Anyway, if I were picking one or the other for a team, I’d take Stockton. Yes, Thomas was the better scorer. Stockton did just about everything else better.

  20. Magic Johnson..

  21. A lot of good points, but one idea keeps coming out and then being ignored: amazing assists. I think anyone who doesn’t appreciate the power of that one stat in Stockton’s favor can’t really understand the game. With basket-making, “first-fiddle” stars get the points, and by default, all the glory. But the “second-fiddle” guys who make those baskets possible are magicians: they can see the whole floor, read the flow of the offence and defence to perfection, understand the physical and mental ability of various players to carry-through (so that the assist actually becomes an assist!)–and all this without turning over the ball, losing their head, or succumbing to the temptation of just taking the shot rather than trusting somebody else to come through. An assist-man may be “second-fiddle,” but in fact he’s the play-maker and the true leader of the team: not only does he have to be unselfish enough to give the ball up, he has to trust his teammates and earn their respect to where they trust him to make the right play and get them the rock. Whether you go by pure stats or all of the intangibles, the assist-leadership of Stockton, which only an elite few of the GREATEST point guards can even approach, is beyond compare. What a quiet, content-to-be almost invisible, “second-fiddle” stud he was!

  22. It’s hard to compare them because they were such different types of point guards (and in such different situations)…Alot of it is fashion too.In that era people were still more infatuated with the idea of superstar scorers which is why Malone got two MVP’s…These days point guards are more appreciated – Steve Nash won the MVP’s and got the credit not Amare or Marion.If Stockton had played in todays NBA he would have been more appreciated and perhaps considered the number one player on the team.As it is we now have revisionist history based on this change in ‘fashion’ and the fact people are anti Thomas.

    While Stockton was a unique and amazingly durable player the fact that Thomas was the key man on back to back pistons teams puts him ahead of Stockton who was surrounded by talent and good coaching his entire career and never got over the hump…and it wasn’t just becasue of Jordan’s bulls.

    Rightly or wrongly,championships are a hugely important part of the criteria that great players are measured as does being the unquestioned number one guy on your team.Stockton was in a lot of big games and his team lost at a lot of crucial moments – compare that to Jordan or Thomas who simply made things happen…the jazz never got it done in those moments becasue they never had a guy that could stamp his mark at the very biggest moments – sure Stockton (and even Malone) made some clutch shots.But they never made it happen in that special way.After all those seasons of competitive Jazz teams this can’t be considered a coincidence and no true great is going to start making excuses about bad luck or the fact they had to compete against Jordan!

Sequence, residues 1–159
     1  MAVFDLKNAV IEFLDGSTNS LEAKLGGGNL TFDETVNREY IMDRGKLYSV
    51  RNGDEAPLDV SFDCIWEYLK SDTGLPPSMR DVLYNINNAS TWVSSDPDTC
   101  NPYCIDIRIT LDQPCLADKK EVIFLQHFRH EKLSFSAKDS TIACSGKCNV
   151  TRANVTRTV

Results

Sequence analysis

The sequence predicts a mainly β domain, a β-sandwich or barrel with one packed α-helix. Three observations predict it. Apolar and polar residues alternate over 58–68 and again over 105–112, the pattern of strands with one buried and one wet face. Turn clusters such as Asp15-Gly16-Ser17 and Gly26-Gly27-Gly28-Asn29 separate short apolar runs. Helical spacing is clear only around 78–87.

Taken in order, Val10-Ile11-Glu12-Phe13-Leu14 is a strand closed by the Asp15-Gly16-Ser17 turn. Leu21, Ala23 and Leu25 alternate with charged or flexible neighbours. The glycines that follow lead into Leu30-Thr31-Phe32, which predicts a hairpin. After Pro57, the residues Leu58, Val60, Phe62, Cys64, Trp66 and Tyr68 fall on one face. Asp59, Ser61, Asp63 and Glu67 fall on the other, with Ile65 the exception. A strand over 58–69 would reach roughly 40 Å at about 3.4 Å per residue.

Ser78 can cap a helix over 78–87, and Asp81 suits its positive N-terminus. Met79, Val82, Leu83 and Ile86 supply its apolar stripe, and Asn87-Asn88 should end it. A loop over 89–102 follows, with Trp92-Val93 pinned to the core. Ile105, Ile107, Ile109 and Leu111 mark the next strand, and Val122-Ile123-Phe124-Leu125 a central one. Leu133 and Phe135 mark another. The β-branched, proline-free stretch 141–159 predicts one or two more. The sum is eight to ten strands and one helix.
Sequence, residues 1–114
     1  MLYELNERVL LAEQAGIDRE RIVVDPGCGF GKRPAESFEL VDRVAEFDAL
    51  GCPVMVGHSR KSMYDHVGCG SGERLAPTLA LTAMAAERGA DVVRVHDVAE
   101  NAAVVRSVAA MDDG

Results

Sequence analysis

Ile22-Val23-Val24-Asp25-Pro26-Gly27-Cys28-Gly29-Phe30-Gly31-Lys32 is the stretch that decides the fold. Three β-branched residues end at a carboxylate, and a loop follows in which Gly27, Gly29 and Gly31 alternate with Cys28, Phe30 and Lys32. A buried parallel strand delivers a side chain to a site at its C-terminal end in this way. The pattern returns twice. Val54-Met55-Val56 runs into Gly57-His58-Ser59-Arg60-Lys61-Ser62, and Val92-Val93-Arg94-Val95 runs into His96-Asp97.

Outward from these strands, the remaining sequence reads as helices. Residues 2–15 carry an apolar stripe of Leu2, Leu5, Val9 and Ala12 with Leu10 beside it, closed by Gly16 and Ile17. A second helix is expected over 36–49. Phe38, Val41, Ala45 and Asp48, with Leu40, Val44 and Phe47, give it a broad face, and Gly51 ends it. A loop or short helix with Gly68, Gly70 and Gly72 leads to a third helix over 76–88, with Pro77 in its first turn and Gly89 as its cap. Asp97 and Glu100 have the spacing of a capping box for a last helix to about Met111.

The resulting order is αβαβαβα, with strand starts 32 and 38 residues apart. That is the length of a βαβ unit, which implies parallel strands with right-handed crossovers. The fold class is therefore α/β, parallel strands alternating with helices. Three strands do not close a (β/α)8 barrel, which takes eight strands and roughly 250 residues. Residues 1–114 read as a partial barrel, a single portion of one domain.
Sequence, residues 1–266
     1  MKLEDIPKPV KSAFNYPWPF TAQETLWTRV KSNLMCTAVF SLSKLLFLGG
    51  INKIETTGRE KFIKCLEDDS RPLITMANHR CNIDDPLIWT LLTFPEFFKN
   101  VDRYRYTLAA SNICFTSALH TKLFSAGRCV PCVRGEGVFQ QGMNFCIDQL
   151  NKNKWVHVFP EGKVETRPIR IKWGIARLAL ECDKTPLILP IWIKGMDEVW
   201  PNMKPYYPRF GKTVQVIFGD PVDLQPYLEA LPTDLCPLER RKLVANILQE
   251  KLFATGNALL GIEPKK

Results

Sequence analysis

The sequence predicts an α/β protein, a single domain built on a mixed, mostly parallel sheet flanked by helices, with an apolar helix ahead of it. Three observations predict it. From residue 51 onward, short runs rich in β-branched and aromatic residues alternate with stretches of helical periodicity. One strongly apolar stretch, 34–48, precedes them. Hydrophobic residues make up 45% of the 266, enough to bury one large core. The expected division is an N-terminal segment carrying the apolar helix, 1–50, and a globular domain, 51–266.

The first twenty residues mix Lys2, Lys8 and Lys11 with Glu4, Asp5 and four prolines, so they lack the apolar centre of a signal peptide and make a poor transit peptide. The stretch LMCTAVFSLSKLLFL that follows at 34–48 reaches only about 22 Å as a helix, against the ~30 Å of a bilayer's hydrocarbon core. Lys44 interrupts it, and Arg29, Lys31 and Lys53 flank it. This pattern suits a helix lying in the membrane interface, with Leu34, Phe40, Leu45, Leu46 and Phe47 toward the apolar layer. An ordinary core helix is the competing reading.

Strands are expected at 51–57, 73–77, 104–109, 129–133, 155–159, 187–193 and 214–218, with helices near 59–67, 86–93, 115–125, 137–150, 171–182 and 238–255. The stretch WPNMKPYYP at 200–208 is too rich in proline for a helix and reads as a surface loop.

This undefinable quality to will a team to victory with that extra something is the difference Its not about stats or skills.It doesnt show up on the stat sheet but is measured in the championship column.

  23. I disagree about the titles Dan, it was just because of Jordan and the Bulls (well, mostly Jordan); what other team from the East would have beaten Utah in those two finals?

    As for playing in a “weaker” era as Yep Yep suggests, you have got to be kidding! The West was absolutely loaded throughout the 90s: Phoenix (with Barkley and KJ), Houston (with Hakeem), Trailblazers (with Drexler, Kersey, Robinson), Sonics (with Payton and Kemp), San Antonio (with Robinson), I’m sure I’ve forgotten a team or two. But Utah had go through wars to get to the Finals. It was never easy.

  24. Whoever wrote this article and believes this nonsense is a punk!

  25. Sic, so I guess we can say in 1988 the only western team who can beat the Pistons was the Lakers ( Magic, Worthy, Jabbar, and Scott) so take them away and we would of won 3 finals. Heck, in 1991 when the Pistons lost to the Bulls, I don’t think the Lakers could of beaten the Pistons either, make that 4 rings? Heck if the Bulls didn’t have to face the Pistons, they may of won 8 rings. Hopefully you get my point, Stockton and Malone had a chance to win the ring and neither of them got there team over the hump. Not only did Isiah have to beat an era dominated by Magic and Bird but he also had to beat the Bulls with Jordan even though they were the young Bulls, Jordan was still Jordan.

  26. this is to sic’s reply teams were good but they could play half court ball they were run n gun teams lakers of the mid 80’s and the spurs of today west conference teams that could do both stockton thrived in in a era where guys started just wanting to dunk the ball instead of learning the fundies Stockton had this over these players but when the league was full with these players he was good but not great because people like zek magic mark price could be spoken with Stockton if that is the case zek was a winner Stockton was good h.o.f’er good debate question